Financial Leverages Overview in Trading

Financial Leverage

Leverages in Financial Trading: The guide outlines the meaning of financial leverages, how it works, and the factors of risk associated with it. These financial work Debt, Equity, and Asset looks small but carry deep meaning along with them.

Financial Leverage

Financial leverage refers to using debt money or borrowed money to purchase an asset. This asset is purchased with an expectation that it will make a profit or capital gain which will be more than the cost of borrowing.

It is the debt provider who sets a limit on the outstretch of the leverage he will allow, and the extent of risk he is ready to take on the asset provided by him.

If we consider the case of asset-backed lending, the seller of the asset will use it as collateral until the money of the loan is repaired. Here collateral refers to the pledge of loan repayment that the borrower makes to the finance provider. Considering another case of a cash flow loan, the company uses the general creditworthiness to back the loan.

Financial Leverages contain three main terms:

Asset: It is the resources which one purchases with the expectation that it will give them better profit in future.

Equity: The amount returned to the shareholders of the company when all the debts paid off. It is also known as shareholder’s equity.

Debt: It is a method followed by many cooperatives for purchasing the assets that they can’t afford in normal conditions.

How Financial Leverages Work

There lie three options with the company before purchasing assets for financing: leases, debt and using the equity. Leaving equity, rest all the options incur a higher fixed cost from the firm. This cost is even higher than the value a company expects to earn from the purchasing asset.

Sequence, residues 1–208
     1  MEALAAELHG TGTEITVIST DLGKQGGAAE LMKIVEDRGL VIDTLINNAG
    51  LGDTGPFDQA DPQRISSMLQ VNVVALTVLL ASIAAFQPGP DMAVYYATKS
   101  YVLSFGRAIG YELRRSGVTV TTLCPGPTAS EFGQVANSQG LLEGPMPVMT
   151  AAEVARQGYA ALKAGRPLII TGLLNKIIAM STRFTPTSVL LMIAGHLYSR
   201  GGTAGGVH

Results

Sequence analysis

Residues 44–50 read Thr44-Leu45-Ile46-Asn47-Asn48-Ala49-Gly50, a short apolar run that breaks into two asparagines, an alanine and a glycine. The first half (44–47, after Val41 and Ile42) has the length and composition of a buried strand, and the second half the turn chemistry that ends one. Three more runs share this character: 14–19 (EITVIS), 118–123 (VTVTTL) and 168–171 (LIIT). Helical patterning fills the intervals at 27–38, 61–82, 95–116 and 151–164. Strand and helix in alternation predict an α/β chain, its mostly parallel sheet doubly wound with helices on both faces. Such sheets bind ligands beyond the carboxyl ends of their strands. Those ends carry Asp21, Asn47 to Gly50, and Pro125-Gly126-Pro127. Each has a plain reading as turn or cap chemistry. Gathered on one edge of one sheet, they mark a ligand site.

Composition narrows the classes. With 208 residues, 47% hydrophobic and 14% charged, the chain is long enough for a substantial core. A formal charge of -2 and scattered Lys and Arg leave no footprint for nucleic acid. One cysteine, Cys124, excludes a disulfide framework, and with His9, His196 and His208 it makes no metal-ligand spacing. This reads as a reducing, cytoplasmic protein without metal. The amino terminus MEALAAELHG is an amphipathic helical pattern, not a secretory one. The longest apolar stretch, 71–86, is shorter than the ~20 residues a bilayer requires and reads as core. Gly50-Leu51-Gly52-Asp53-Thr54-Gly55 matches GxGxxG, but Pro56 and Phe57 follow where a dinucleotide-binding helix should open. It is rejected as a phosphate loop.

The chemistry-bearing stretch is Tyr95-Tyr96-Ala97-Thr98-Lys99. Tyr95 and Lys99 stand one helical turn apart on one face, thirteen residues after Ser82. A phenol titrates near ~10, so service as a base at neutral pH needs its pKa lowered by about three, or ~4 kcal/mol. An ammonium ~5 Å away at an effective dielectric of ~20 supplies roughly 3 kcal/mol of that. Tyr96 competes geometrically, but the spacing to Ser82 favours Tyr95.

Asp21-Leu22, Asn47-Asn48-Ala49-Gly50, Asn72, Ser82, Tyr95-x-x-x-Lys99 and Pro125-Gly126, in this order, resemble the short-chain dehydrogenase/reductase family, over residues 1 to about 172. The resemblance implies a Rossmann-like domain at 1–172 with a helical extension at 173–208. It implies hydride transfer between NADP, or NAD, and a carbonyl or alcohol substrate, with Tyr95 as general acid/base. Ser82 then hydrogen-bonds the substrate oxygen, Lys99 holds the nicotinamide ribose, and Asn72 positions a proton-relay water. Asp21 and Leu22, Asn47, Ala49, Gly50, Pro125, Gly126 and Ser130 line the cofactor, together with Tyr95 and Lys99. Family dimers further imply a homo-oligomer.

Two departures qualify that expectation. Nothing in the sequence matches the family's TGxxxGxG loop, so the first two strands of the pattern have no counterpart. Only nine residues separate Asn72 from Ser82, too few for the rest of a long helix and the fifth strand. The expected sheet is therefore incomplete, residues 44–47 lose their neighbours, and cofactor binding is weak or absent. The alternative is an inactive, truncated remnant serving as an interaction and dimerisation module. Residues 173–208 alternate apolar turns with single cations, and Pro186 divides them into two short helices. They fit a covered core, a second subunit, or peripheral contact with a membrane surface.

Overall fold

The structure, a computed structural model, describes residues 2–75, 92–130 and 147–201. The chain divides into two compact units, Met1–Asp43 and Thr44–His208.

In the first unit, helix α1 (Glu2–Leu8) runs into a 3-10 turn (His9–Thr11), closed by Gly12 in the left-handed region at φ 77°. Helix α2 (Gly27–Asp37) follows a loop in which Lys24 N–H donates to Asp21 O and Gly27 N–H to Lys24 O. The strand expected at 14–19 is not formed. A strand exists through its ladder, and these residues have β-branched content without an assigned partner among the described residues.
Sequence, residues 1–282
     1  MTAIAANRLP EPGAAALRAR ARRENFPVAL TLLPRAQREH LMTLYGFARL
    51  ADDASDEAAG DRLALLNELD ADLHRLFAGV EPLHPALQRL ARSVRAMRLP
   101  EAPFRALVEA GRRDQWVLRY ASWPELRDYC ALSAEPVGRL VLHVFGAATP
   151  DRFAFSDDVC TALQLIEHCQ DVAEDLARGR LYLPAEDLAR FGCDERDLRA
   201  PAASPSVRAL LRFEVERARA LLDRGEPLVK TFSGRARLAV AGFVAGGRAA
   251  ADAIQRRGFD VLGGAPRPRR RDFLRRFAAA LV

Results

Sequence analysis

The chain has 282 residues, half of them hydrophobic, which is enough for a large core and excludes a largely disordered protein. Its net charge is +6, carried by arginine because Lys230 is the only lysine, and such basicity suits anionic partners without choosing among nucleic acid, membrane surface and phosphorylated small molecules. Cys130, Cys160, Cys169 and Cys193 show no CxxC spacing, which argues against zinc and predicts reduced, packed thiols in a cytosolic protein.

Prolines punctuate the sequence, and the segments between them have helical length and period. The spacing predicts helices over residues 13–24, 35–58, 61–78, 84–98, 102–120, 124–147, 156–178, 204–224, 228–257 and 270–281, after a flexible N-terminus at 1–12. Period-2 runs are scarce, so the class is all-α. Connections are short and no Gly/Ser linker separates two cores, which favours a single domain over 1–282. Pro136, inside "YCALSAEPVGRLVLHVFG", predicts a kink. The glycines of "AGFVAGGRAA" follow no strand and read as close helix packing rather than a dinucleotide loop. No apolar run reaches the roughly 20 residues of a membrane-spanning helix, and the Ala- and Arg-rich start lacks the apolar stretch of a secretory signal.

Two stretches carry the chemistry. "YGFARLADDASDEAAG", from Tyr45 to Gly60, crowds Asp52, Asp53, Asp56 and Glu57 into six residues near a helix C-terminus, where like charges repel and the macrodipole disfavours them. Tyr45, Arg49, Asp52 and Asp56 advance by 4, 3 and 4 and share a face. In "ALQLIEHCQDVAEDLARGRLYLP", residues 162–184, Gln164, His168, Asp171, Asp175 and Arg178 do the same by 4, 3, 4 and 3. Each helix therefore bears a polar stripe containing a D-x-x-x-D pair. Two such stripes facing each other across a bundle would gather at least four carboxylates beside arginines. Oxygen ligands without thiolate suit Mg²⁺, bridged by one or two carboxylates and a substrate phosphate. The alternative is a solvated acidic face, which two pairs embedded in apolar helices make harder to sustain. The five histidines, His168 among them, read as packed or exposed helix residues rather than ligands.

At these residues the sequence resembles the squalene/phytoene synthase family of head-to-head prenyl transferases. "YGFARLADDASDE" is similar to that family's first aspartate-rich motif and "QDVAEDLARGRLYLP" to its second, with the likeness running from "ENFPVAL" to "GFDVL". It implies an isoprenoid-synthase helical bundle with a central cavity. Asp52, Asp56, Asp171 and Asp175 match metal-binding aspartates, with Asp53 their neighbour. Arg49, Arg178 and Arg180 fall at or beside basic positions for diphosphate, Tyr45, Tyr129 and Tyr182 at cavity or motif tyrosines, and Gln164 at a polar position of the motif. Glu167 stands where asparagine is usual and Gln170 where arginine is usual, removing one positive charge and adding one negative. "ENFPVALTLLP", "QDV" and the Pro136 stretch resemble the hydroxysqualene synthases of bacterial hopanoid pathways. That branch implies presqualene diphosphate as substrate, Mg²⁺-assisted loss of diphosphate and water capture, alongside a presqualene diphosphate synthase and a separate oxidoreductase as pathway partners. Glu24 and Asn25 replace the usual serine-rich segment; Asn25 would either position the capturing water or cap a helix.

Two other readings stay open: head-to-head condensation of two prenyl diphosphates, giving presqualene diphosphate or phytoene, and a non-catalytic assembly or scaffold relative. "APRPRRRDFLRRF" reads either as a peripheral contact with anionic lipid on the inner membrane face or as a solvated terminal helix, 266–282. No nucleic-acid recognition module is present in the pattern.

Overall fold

In such a situation, the company will use debt money to finance asset acquisition.


Assume that Firm A wants to purchase an asset costing $100,000. To fulfill the purpose, he can use either debt financing or equity.

Assume, if the firm opts for the first option, and finances the asset using 50% debt and 50% common stock. If asset value appreciates by 40%, then the total worth of the original asset will become $140,000. The overall profit for the company, in this case, will be $40,000, after deducting the debt of $50,000 that it will pay back. Similarly, if the value of the original asset depreciates by 40%, then it will become $60,000. In this case, the company will bear a loss of $40,000 (deducting the debt cost from the overall depreciated value of the asset).

Alternatively, if it opts for the second option, it will get 100% ownership of the asset without paying any interest payments.

If the asset value appreciates by 40%, then the company will earn $40,000 profit on the original cost, making the total value of $140,000. Similarly, if the value depreciates 40%, then the company will be in the loss of $40,000, decreasing the value of the original asset to $60,000.

Measuring Financial Leverage

The instruments used to measure the value of leverage are:

Debt to equity ratio: It is used to calculate the proportion of financial leverage of a unit. It also represents the proportion of the company’s equity concerning debt.

The figure for the debt to equity ratio helps the management team, shareholders, stakeholders, and lenders to understand the level of risk that the company’s capital structure will bear.

To determine this ratio, we use the formula:

Debt to equity ratio = Total debt / Total equity

Total debt includes short-term liabilities and long-term liabilities.

Short liabilities mean the debts that the company will pay within a year.

Long liabilities mean the debts that the company will pay after maturity (more than one year).

Total equity is the aggregate of retained earnings and shareholder’s equity.